Labor Quoting in EMS - Methods and Formulas
In this presentation of "Scratching the Surface Mount" webinar series, Chintan Sutaria reviews 5 methods of Labor Estimation used by the Electronics Contract Manufacturing industry and provides an introductory explanation for utilizing a learning curve for efficiency calculations.
I would like to get started with here with a quick introduction. First of all, thank you very much to everyone who was able to participate today. I appreciate you for taking the time out of your day for talking with us about labor quoting because I know it is a pretty exciting topic for everybody. This webinar is a part of a series of webinars that we call “Scratching the Surface Mount.” What they entail is that we try to share some of the best practices we learn as we talk to EMS companies, contract manufacturers across the industry. Before we get started, I am going to do a quick introduction of myself. My name is Chintan Sutaria, I am the President of Calcuquote. Calcuquote, if you have not heard of it before, it is an EMS focused quoting solution. We help with the end to end RFQ process from requirements when they first come through the door to BOM, materials, labor, overhead and preparing the final quote that you can send out to your customers. My professional background is that I grew up in the EMS industry so, having a family business that was PCB assembly I got to spend time working in the industry and learned a lot about it. I have also spent time working in consulting working with multinational manufacturing companies to help with business process consultation. So, I have gotten a chance through Calcuquote to work with more than 60 different EMS companies across the US and that is how we came to today talking about labor and going over what some of that entails.
Just to give you a quick overview of the agenda, we will start by going over what is the relevant information for labor estimation and then we will get into 5 different labor quoting methods and what formulas are involved in those and we will keep it relatively intro level and then we will get into more in-depth understanding of one of those which is going to be activities based quoting model. Finally we will close by talking about learning curve or efficiency and how you can count for efficiencies while going through the learning curve. We will get a little bit more technical towards the end. At any point, if you feel we are going to fast, feel free to make a comment or chat with us at the end. The other thing I would like to say before we dive into this is when we talk about labor estimation in the EMS industry, from the many companies that we have had a chance to speak to about their labor models, a lot of people are under the belief that they have some kind of secret sauce or some unique way of estimating labor. What I can tell you is that we have yet to encounter somebody's method of doing labor that is absolutely unique from everyone else. The parameters might be a little bit different, the assumptions might be a little bit different, but overall I would say that most things fall into the 5 labor quoting methods that we are going to talk about. There is no secret sauce to it and we are not sharing any kind of company secrets here. It is just the matter of how you apply that to your particular labor model and your company.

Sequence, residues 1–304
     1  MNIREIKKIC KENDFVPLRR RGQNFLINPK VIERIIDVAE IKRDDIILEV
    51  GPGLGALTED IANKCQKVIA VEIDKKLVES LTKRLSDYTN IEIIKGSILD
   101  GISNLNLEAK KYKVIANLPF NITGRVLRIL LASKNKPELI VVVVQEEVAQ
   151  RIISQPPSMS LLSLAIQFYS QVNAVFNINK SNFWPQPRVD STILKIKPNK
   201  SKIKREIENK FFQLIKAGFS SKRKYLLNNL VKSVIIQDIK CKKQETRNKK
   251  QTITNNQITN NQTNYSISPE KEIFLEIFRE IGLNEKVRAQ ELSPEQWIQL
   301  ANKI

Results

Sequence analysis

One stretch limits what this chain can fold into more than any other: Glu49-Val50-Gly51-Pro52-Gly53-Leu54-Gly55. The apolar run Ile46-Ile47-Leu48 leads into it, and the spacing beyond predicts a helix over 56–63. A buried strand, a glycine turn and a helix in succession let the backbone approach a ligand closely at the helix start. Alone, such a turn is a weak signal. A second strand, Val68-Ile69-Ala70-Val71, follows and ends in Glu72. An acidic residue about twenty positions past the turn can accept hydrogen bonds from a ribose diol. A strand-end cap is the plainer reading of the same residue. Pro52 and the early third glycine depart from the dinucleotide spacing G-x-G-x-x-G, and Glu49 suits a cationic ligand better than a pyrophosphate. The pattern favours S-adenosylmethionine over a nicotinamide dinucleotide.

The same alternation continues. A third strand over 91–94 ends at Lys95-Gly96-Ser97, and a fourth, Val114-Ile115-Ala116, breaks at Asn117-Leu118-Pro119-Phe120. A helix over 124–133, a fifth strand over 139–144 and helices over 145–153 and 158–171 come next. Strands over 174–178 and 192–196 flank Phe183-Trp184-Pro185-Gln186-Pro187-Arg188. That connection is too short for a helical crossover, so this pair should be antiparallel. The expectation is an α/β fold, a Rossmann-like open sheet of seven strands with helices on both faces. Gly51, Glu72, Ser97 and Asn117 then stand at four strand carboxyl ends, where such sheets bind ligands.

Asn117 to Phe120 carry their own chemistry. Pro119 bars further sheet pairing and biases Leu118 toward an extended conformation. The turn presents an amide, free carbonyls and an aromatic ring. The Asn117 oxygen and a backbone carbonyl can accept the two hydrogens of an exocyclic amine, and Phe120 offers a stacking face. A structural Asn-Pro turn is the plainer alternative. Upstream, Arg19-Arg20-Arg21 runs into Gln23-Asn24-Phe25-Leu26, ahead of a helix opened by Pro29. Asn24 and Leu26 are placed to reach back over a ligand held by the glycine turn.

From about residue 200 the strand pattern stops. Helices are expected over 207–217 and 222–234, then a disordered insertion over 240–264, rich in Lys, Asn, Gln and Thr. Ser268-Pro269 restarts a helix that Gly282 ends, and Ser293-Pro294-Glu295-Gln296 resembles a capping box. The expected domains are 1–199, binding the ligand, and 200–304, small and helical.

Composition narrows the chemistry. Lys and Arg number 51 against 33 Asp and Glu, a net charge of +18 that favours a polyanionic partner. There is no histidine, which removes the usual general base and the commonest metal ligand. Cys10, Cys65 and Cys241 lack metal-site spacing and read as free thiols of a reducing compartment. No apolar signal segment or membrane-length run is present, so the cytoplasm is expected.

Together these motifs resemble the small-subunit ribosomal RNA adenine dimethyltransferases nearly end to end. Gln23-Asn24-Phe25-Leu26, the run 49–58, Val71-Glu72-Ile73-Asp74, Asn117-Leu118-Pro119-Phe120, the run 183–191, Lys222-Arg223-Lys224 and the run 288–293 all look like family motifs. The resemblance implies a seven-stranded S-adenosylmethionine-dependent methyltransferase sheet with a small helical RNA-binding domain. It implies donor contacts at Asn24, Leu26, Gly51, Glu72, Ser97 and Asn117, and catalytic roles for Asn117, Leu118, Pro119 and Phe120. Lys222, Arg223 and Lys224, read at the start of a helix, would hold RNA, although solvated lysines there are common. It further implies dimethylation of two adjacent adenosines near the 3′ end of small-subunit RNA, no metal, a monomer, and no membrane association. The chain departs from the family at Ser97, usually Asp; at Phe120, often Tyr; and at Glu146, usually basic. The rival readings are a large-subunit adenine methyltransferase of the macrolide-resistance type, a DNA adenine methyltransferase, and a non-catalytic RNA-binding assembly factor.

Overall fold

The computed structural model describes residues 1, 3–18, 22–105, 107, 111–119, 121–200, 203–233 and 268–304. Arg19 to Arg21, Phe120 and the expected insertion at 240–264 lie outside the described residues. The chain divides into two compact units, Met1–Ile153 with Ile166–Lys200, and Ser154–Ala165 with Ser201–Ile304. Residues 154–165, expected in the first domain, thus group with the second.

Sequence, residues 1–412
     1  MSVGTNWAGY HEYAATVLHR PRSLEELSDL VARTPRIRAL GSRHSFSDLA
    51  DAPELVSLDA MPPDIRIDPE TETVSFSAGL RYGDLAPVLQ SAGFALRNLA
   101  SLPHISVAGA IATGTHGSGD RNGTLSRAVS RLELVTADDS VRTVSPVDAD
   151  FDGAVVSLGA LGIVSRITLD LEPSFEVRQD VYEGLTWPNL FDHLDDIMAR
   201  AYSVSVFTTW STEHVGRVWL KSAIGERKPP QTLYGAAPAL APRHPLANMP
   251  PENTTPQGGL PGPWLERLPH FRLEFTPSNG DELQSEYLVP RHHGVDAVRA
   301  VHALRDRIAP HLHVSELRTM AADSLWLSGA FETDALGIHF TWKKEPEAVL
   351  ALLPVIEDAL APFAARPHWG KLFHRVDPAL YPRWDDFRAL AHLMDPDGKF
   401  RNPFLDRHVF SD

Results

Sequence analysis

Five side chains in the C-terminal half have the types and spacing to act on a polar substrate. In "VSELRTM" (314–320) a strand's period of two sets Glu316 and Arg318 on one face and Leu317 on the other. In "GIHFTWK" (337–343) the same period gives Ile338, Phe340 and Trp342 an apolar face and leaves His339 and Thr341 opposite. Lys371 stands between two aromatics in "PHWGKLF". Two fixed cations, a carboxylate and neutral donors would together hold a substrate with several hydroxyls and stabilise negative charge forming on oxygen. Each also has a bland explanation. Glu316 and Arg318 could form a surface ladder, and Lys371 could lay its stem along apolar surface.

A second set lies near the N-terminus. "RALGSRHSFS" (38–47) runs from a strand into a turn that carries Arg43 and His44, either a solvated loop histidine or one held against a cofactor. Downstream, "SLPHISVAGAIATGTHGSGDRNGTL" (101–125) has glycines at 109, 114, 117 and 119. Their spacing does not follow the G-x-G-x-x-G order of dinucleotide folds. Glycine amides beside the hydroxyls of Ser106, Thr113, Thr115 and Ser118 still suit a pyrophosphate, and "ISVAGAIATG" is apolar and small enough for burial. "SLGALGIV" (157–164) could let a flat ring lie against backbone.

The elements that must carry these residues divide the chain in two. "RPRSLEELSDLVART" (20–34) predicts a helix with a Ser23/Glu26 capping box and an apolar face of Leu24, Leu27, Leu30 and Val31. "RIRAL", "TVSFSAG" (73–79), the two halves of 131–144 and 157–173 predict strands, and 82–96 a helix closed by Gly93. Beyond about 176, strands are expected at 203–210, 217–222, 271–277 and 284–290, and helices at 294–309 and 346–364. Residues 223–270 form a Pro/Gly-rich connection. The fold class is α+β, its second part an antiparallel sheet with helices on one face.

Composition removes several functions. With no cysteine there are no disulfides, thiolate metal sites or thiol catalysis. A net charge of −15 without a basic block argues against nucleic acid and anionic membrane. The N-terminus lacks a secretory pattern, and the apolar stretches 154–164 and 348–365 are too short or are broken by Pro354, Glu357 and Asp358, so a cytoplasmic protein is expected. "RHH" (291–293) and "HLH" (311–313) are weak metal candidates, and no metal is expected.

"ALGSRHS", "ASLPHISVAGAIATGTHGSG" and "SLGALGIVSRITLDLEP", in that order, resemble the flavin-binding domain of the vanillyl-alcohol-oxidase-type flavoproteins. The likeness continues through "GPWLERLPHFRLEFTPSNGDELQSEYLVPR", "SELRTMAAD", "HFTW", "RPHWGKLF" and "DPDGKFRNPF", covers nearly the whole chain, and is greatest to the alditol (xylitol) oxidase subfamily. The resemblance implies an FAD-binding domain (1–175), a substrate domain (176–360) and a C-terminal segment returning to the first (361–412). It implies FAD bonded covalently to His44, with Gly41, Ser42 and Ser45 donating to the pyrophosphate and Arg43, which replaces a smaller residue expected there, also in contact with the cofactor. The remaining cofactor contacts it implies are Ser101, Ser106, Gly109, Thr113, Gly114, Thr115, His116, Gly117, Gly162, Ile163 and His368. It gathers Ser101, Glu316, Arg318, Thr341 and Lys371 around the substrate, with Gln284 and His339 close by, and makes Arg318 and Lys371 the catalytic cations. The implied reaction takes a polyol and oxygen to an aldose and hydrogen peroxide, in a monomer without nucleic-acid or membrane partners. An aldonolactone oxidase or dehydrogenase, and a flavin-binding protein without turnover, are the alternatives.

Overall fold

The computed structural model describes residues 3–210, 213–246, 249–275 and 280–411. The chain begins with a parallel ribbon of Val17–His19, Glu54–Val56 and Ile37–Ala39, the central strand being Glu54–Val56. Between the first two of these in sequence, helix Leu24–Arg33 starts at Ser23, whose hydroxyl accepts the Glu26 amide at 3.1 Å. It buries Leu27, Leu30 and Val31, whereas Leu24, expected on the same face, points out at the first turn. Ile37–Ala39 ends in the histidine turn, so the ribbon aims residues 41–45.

- Labor Estimation
So without further ado, we are going to start off by kicking off another poll. The poll is going to be, what information would you need to know to come up with a labor estimate? So you should see a poll on your screen now and you can select one or more of those options and I will just give everyone a couple of seconds to respond.
It looks like a little more than half voted. Before I share the results, working in EMS, contract manufacturing, you are really at the mercy of your customer and what information they provide for you to be able to provide an accurate labor estimation back to them. While it might be nice to have all of these as well as other information, you are not always going to get that, and that is what makes this whole labor estimation process so tricky. You're working based on limited information and a lot of assumptions to come up with that. On the flip side, we do see where information that is not necessarily relevant to the approach you are using is being captured but never having anything done to it. An example would be through a process review, you might find your upfront process requires that you have to have the value of the components before the labor estimation person can look at it. It turns out that the labor estimation person is actually not looking at the value of the components and so it is unnecessarily holding up the process. One of the things that I would encourage everyone to do is really take a look at what information you do need as part of your labor estimation and then make sure that is not being a stopping factor further up the process for progress. I am going to go ahead and end this poll and share the results with you. It looks to me like the number of components is definitely one of the winners here. So people definitely want to know how many components there are. Assembly drawings, single and double sided is also relevant. Then we start to trail off from there. Whether the board is panelized or not, which operation would be involved. Surprisingly, quality and regulatory requirements do not seem to be as popular as some of the other ones where I would think that would be a little bit more significant.